Friday, August 14, 2015

Thurgood Marshall and the 14th Amendment

James Poling (1907–1976)
From Reporting Civil Rights: American Journalism 1941–1973

Thurgood Marshall (in profile, facing picketers) with
NAACP protesters outside the prestigious Stork Club
in New York City, on October 26, 1951, days
after the entertainer Josephine Baker and her party
were seated at a table and then refused service.
Photograph by James C. Campbell. Image courtesy of
The New York Public Library Digital Collections.
Fifty years ago this summer, Thurgood Marshall became the first African American to serve as U.S. Solicitor General, the lawyer responsible for arguing cases on behalf of the executive branch before the Supreme Court. On July 7, 1965, Lyndon B. Johnson called Marshall, a U.S. Court of Appeals judge at the time, and offered him the position. According to since-released phone recordings, Johnson indicated that he wanted “to do this job that Lincoln started and I want to do it the right way,” that “I want to be the first president that really goes all the way,” and that he was grooming Marshall for “something better.” Marshall accepted before hanging up the phone.

Six days later Johnson announced the appointment, on August 11 Marshall’s confirmation sailed through the Senate on a voice vote , and on August 24 the new Solicitor General was sworn in. Unbeknownst to Marshall, in conversations held with other officials in the months preceding and following their phone call, Johnson was making known his future intentions: “I want to build him up where he’s impenetrable when he becomes a Supreme Court justice.” And indeed, two years later, the president nominated Marshall to the Supreme Court; on August 30, 1967; the Senate confirmed the nomination by a vote of 69 to 11.

Marshall’s path to becoming the first African American on the Supreme Court is the stuff of legend. In 1952 James Poling wrote for Collier’s magazine the following invaluable and amiable profile of the man who had been the NAACP’s chief legal counsel since 1936. At the time Poling wrote the article, Marshall had already argued twelve of the thirty-two cases he would eventually take to the Supreme Court on behalf of the NAACP. (He won twenty-nine of them, including the landmark Brown v. Board of Education. As Solicitor General, Marshall would argue another nineteen cases, winning fourteen.) Early in the article, Poling touts the legal victories that theoretically extended the vote to blacks across the South in the early 1950s, but, as subsequent years would prove, victory in court did not often translate easily into results in the field. On August 6, 1965, while Marshall was going through the confirmation process for his appointment as Solicitor General, Johnson signed the Voting Rights Act into law, empowering the federal government to intervene in states that continued to create obstacles to voting based on race.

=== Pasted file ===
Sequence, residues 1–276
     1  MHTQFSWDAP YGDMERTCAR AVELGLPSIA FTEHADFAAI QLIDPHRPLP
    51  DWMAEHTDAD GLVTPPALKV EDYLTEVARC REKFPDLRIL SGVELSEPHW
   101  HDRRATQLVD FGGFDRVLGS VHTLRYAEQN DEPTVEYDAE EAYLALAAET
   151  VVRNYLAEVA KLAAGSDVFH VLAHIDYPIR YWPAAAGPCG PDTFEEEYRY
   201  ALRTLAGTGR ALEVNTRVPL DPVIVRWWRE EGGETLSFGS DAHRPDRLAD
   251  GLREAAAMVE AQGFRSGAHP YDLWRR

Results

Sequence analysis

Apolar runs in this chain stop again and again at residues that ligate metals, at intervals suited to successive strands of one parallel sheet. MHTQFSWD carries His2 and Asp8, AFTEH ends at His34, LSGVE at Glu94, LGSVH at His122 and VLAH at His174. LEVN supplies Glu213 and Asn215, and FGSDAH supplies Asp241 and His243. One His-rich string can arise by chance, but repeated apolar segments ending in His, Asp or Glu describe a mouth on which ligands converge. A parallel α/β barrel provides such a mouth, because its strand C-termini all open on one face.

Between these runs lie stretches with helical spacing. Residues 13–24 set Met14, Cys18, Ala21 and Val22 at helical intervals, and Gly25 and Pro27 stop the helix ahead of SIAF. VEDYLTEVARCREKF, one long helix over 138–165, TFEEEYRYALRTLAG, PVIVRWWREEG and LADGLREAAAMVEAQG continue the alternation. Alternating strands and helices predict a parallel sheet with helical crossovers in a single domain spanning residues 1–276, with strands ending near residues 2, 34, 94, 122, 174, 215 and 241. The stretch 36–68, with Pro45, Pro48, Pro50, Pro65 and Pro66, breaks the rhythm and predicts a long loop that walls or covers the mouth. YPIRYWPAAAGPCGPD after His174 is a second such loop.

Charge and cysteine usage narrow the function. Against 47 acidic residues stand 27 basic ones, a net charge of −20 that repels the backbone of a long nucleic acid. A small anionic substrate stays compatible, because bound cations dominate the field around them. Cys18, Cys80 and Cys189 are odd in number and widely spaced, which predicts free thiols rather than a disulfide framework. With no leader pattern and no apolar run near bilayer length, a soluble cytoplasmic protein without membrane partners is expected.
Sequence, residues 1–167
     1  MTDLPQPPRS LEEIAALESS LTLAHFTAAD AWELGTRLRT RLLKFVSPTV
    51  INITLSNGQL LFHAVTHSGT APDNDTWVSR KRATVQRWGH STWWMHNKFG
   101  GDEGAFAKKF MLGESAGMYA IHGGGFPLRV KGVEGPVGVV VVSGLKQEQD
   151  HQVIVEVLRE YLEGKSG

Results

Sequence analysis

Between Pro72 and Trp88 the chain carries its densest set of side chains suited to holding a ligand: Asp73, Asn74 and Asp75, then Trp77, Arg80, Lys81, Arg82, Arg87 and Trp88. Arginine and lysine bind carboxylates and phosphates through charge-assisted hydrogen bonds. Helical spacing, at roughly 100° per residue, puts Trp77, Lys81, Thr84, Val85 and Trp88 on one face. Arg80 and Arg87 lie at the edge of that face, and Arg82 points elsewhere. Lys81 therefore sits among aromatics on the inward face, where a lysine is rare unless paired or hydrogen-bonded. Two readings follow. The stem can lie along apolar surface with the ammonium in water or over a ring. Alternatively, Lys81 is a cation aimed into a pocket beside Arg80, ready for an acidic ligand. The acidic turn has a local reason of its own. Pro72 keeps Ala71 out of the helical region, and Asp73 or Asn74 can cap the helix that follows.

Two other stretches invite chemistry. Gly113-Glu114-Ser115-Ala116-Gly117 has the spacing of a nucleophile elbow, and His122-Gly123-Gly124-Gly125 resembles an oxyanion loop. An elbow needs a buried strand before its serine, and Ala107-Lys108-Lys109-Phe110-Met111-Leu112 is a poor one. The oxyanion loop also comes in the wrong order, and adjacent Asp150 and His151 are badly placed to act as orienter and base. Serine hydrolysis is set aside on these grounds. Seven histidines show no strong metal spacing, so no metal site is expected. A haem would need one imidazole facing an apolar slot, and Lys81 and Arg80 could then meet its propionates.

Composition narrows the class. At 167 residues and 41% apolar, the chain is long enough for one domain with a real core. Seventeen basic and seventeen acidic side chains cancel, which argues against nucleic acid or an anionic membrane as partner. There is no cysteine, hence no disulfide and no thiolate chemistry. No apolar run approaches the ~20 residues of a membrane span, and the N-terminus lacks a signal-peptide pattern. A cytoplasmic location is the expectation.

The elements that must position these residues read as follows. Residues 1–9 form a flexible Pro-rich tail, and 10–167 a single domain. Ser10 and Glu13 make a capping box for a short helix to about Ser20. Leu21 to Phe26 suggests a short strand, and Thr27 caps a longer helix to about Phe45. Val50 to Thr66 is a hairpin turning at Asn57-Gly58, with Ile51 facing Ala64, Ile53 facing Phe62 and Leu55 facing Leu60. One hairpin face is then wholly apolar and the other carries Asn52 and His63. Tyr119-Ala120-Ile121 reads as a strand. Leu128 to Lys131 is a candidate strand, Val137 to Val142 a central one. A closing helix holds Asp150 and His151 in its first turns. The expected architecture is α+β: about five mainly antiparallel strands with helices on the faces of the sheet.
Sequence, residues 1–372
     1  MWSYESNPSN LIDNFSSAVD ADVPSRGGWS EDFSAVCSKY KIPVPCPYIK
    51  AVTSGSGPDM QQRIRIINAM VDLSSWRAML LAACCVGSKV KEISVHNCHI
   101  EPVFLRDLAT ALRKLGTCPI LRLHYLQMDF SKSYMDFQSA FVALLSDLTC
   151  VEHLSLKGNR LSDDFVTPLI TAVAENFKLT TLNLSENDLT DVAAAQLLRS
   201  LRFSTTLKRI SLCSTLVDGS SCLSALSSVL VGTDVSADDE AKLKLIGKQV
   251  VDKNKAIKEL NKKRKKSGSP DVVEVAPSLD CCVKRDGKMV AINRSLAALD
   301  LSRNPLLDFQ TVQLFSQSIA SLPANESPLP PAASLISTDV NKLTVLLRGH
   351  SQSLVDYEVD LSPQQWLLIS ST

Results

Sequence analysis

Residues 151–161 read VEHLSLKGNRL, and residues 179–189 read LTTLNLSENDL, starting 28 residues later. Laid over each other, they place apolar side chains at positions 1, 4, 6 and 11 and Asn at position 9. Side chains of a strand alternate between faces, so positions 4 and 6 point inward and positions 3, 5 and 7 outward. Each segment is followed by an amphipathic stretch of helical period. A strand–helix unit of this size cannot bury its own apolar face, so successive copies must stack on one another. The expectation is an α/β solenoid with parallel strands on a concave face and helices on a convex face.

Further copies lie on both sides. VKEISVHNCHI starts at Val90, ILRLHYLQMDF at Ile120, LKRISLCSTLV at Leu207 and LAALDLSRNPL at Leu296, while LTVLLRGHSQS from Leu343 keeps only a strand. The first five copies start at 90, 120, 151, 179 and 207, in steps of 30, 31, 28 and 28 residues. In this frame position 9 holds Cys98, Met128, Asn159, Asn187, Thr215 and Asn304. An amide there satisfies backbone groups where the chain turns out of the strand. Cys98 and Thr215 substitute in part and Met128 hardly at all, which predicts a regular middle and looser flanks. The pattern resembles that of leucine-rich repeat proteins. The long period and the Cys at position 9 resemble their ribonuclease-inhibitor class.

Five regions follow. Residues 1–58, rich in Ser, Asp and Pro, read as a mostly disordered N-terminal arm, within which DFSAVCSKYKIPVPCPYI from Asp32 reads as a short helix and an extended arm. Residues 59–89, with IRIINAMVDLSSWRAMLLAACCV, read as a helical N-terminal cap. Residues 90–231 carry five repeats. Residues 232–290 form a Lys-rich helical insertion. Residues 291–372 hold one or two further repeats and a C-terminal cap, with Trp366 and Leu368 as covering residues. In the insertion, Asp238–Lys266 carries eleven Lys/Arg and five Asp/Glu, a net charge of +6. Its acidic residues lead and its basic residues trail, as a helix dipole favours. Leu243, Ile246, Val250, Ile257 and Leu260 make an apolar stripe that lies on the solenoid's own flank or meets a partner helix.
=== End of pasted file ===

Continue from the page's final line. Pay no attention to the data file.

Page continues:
A native of Ohio, James Poling worked as an editor at the publisher Doubleday, Doran during the 1930s and served as air combat intelligence officer in the Pacific during World War II. After the war he wrote frequently for Collier’s and later published numerous books, ranging from The Man Who Saved Robinson Crusoe, a study of the characters that inspired Defoe’s novel, to All Battle Stations Manned: The U.S. Navy in World War II, an account of the Navy’s reorganization in the Pacific after Pearl Harbor.

Note: On the last page of Poling’s profile is a reference to Barkis, the coachman in David Copperfield who persistently indicates his eagerness to marry the maid Peggoty by asking David to convey the message, “Barkis is willin’.”

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Thurgood Marshall, as special counsel for the National Association for the Advancement of Colored People, spends much of his time expertly pleading civil rights cases before the judges of our higher courts. . . . If you don't see the full selection below, click here (PDF) or click here (Google Docs) to read it—free!

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